I usually like to direct sow (which means planting a seed directly in the ground) fava beans, but I needed to get them started and didn’t have the beds out front ready, so I seeded them in pots. You can see the root structure already beginning.

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All of my favas are in the beds, tucked in tight!

Row Of Favas

Rows Of Favas

It makes me have to stop and enjoy this moment. So much planning and groundwork went in to getting the garden to this point and I am so thankful for all of the help I had; there is NO WAY I could have done it alone! I’m looking forward to seeing the changes spring will bring to this quiet little garden…good things on the horizon!

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“What is success? I think it is a mixture of having a flair for the thing that you are doing; knowing that it is not enough, that you have got to have hard work and a certain sense of purpose.”
~Margret Thatcher

Flower Ave Garden Project: New Structures

All of the raised beds in the front are IN!! It was an intense day, building into the evening just to get everything done. After about 10 hours of sawing and drilling and measuring and leveling, they were finally finished. It was one of those days that had to be ended with a cold beer in a hot shower.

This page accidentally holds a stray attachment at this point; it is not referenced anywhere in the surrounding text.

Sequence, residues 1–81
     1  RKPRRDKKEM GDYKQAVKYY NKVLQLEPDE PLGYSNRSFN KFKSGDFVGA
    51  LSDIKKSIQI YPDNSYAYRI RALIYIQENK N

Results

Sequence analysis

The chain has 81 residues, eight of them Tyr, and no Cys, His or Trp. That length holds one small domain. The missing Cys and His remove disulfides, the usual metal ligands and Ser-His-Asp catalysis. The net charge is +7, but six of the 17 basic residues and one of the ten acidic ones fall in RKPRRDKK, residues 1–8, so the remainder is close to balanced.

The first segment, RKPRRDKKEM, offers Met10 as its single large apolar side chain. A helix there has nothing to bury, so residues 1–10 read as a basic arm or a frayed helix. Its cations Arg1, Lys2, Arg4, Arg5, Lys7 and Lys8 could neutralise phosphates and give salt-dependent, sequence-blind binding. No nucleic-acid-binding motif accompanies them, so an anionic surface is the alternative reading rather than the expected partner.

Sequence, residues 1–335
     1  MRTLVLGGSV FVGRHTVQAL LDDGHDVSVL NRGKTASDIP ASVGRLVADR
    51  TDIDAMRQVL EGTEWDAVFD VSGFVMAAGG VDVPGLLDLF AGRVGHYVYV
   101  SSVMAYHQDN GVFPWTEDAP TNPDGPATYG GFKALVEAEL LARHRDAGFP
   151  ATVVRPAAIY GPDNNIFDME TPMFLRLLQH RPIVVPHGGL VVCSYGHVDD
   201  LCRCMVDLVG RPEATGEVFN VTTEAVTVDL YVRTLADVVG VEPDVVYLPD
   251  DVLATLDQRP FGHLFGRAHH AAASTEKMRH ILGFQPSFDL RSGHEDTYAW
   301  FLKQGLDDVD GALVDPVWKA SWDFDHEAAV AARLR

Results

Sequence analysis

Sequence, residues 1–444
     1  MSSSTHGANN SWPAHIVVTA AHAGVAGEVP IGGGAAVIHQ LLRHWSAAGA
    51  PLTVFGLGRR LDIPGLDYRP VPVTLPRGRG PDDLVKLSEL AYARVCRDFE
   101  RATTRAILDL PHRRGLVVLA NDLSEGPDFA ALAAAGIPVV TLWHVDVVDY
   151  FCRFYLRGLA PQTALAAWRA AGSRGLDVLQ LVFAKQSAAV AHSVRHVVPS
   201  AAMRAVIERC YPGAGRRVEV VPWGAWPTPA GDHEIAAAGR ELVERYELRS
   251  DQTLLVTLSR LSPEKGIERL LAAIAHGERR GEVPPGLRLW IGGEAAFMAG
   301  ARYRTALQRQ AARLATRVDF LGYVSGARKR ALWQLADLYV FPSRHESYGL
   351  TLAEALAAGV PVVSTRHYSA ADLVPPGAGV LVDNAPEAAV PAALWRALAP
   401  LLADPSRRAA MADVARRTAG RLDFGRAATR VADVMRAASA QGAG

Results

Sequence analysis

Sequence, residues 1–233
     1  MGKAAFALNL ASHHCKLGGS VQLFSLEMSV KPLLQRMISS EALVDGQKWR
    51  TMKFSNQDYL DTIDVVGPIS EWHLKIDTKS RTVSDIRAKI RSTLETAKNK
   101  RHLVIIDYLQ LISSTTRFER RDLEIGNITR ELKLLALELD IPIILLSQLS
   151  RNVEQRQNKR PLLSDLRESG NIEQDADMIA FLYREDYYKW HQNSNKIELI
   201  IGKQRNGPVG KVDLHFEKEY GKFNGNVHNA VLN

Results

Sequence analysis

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The bottom of each bed is lined with ground covering to prevent weeds. The beds will be filled with soil and soon will be ready to be planted!

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The greenhouse is changing every day. My fava bean seeds have sprouted and are looking forward to being planted in their permanent home in the beds out front.

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“Peace is a daily, a weekly, a monthly process, gradually changing opinions, slowly eroding old barriers, quietly building new structures.”
~ John F. Kennedy

Flower Ave Garden Project: The First Of Many

Today was a great day, we got the first bed built for the front garden! It will serve as the prototype for the rest of the beds going in. It’s constructed of redwood to prevent rotting.

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We framed out the bottom of the bed first, and secured the sides with 4x4s.

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A miter saw was used to cut angles and had a sweet “laser” (insert Austin Power voice here)

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We put one more level of 2x6s and were able to complete the first bed!! We’ve got about 5 more of various sizes to construct, but working all the kinks out on this first was was a big step in the right direction.

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“Happiness is neither virtue nor pleasure nor this thing nor that but simply growth, We are happy when we are growing.”
~William Butler Yeats